A Day of Rememberance: Allegheny holds vigil in honor of 9/11

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A Day of Rememberance: Allegheny holds vigil in honor of 9/11

The campus community lights candles to remember the 9/11 attacks during a vigil on Wednesday, Sept. 11 in Ford Memorial Chapel.

The campus community lights candles to remember the 9/11 attacks during a vigil on Wednesday, Sept. 11 in Ford Memorial Chapel.

The campus community lights candles to remember the 9/11 attacks during a vigil on Wednesday, Sept. 11 in Ford Memorial Chapel.

The campus community lights candles to remember the 9/11 attacks during a vigil on Wednesday, Sept. 11 in Ford Memorial Chapel.

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On Wednesday, Sept. 11, six students gathered in Ford Memorial Chapel, moved from Brooks Circle due to rain, for a candlelight vigil honoring the lives of roughly 3,000 Americans who died from the terrorist attacks of Sept. 11, 2001. The ceremony was led by Chaplain Jane Ellen Nickell. Nickell asked the students to form a circle on the pulpit, where she lit her candle, and then used hers to light the candle of the student to her left, each student passing the flame onto his or her left, until the circle was illuminated.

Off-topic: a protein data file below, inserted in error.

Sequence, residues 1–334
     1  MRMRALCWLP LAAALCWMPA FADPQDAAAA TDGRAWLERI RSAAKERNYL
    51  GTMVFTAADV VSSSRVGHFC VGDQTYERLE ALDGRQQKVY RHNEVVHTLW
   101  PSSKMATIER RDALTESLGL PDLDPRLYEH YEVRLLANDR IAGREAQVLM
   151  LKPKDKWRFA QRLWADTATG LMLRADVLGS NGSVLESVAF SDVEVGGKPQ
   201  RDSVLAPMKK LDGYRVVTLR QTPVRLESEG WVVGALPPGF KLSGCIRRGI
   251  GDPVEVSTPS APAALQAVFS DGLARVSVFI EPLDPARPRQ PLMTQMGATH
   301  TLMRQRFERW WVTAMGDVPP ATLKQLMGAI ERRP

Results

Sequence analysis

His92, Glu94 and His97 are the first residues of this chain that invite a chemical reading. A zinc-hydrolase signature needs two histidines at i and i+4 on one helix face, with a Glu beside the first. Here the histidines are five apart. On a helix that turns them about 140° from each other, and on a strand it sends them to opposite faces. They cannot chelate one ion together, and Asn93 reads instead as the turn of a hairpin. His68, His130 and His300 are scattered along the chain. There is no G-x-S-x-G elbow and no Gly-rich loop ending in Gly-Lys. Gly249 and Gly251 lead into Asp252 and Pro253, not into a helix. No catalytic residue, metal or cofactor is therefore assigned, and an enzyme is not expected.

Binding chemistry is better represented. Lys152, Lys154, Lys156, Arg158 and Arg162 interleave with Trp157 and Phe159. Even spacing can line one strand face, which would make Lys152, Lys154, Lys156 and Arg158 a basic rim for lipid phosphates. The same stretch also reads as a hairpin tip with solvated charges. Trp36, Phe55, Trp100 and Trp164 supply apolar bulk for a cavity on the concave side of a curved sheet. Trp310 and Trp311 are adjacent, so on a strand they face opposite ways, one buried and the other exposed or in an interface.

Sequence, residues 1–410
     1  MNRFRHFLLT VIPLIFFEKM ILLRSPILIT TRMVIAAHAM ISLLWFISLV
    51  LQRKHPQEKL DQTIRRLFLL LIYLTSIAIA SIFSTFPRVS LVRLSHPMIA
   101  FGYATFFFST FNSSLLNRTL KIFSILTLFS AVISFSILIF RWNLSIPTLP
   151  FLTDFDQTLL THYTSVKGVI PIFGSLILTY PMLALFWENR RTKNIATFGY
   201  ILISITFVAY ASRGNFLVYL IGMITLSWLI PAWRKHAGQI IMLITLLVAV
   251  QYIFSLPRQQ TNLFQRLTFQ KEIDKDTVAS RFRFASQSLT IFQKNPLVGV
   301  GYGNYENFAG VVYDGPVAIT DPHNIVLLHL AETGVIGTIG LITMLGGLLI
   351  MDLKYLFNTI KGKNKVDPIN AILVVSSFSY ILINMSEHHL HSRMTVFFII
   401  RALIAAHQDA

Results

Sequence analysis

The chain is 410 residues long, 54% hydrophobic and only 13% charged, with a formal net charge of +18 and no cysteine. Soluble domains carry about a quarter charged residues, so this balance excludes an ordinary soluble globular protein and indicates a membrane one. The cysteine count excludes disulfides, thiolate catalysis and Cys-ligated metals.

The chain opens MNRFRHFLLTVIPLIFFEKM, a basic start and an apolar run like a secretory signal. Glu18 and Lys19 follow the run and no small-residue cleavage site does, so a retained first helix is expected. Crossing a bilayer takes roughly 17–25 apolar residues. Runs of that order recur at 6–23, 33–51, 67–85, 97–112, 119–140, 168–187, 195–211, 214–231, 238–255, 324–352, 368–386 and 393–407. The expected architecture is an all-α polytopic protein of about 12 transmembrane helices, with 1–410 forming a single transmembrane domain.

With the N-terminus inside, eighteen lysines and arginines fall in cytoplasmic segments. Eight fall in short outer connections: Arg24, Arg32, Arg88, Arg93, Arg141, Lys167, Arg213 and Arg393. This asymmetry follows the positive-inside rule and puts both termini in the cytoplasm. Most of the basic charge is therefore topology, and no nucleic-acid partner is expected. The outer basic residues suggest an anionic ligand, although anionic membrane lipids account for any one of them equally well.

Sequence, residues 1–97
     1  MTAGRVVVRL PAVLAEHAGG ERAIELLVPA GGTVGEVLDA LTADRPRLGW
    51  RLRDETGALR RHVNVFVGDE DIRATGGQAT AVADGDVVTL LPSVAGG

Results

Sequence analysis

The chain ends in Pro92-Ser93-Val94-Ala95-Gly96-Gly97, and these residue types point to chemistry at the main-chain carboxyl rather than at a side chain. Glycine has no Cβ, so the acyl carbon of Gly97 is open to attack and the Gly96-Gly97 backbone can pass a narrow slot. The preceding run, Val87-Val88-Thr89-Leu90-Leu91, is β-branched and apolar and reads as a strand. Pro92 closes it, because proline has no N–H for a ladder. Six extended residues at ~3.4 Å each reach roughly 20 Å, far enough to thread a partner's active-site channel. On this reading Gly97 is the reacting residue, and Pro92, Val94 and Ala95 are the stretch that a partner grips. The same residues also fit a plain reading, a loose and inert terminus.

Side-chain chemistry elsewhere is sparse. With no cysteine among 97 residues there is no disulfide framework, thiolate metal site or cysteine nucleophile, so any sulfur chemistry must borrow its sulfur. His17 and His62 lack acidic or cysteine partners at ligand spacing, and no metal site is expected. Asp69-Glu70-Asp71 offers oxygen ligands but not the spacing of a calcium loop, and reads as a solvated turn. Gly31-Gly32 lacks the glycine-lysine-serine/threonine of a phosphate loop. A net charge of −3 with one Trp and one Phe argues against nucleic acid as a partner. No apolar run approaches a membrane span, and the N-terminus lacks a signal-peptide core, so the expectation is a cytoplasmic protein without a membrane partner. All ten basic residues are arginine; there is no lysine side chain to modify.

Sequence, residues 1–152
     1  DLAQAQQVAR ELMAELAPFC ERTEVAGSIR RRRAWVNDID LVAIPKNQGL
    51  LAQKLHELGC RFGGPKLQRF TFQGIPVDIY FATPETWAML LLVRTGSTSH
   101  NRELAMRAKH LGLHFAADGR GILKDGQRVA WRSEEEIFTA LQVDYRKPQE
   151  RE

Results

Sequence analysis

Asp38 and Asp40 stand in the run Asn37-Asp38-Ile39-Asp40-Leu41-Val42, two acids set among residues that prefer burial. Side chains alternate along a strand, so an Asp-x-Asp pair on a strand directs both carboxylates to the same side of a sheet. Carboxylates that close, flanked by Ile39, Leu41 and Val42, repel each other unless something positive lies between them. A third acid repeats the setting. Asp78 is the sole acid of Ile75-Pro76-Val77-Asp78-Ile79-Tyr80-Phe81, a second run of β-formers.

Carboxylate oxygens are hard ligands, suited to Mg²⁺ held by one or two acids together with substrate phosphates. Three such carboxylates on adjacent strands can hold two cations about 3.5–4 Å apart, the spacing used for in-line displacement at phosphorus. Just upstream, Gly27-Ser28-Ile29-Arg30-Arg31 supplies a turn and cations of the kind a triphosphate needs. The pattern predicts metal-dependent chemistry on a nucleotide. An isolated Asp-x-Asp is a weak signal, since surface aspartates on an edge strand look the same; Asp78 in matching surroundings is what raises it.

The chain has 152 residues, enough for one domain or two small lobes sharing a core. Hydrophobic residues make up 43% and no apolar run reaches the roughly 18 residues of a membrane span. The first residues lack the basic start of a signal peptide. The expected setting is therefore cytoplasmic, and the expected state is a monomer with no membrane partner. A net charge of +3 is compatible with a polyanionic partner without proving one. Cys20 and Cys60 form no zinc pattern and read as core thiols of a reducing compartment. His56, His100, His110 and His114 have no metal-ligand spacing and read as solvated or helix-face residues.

Nickell first asked the students if they had any connections with 9/11 that they wanted to share. Some mentioned parents who worked in the World Trade Center but weren’t harmed by the attack, others mentioned relatives and family friends who were killed on one of the hijacked planes. Nickell herself shared a connection. She then asked the students to join together in silence to commemorate the tragedy. After a few minutes, she thanked the students for coming, and allowed them to stay in the space as long as they liked. When no one turned from the circle after several minutes, she asked permission to say a prayer to close. After the prayer, which addressed not only those affected by 9/11 but victims of violence everywhere, including a call to action for each individual to make the world a more peaceful place, the students blew out their candles, and some remained in the pews to discuss the significance of the event further.

 

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